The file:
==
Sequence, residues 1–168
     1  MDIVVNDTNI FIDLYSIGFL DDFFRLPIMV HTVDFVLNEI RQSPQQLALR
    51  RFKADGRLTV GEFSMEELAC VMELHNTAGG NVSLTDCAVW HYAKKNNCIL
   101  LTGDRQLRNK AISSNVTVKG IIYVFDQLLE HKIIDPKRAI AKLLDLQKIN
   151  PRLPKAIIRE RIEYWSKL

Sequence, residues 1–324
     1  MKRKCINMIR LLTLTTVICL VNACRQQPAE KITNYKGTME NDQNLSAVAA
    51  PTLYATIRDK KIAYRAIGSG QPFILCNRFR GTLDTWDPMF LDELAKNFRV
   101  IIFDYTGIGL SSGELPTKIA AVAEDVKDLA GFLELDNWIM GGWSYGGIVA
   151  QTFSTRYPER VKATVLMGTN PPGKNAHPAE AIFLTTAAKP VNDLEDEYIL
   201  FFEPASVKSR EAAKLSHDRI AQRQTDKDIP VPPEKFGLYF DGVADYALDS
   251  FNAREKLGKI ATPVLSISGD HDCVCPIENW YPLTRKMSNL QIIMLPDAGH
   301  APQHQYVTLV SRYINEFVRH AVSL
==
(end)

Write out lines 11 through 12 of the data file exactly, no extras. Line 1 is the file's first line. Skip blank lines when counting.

   201  FFEPASVKSR EAAKLSHDRI AQRQTDKDIP VPPEKFGLYF DGVADYALDS
   251  FNAREKLGKI ATPVLSISGD HDCVCPIENW YPLTRKMSNL QIIMLPDAGH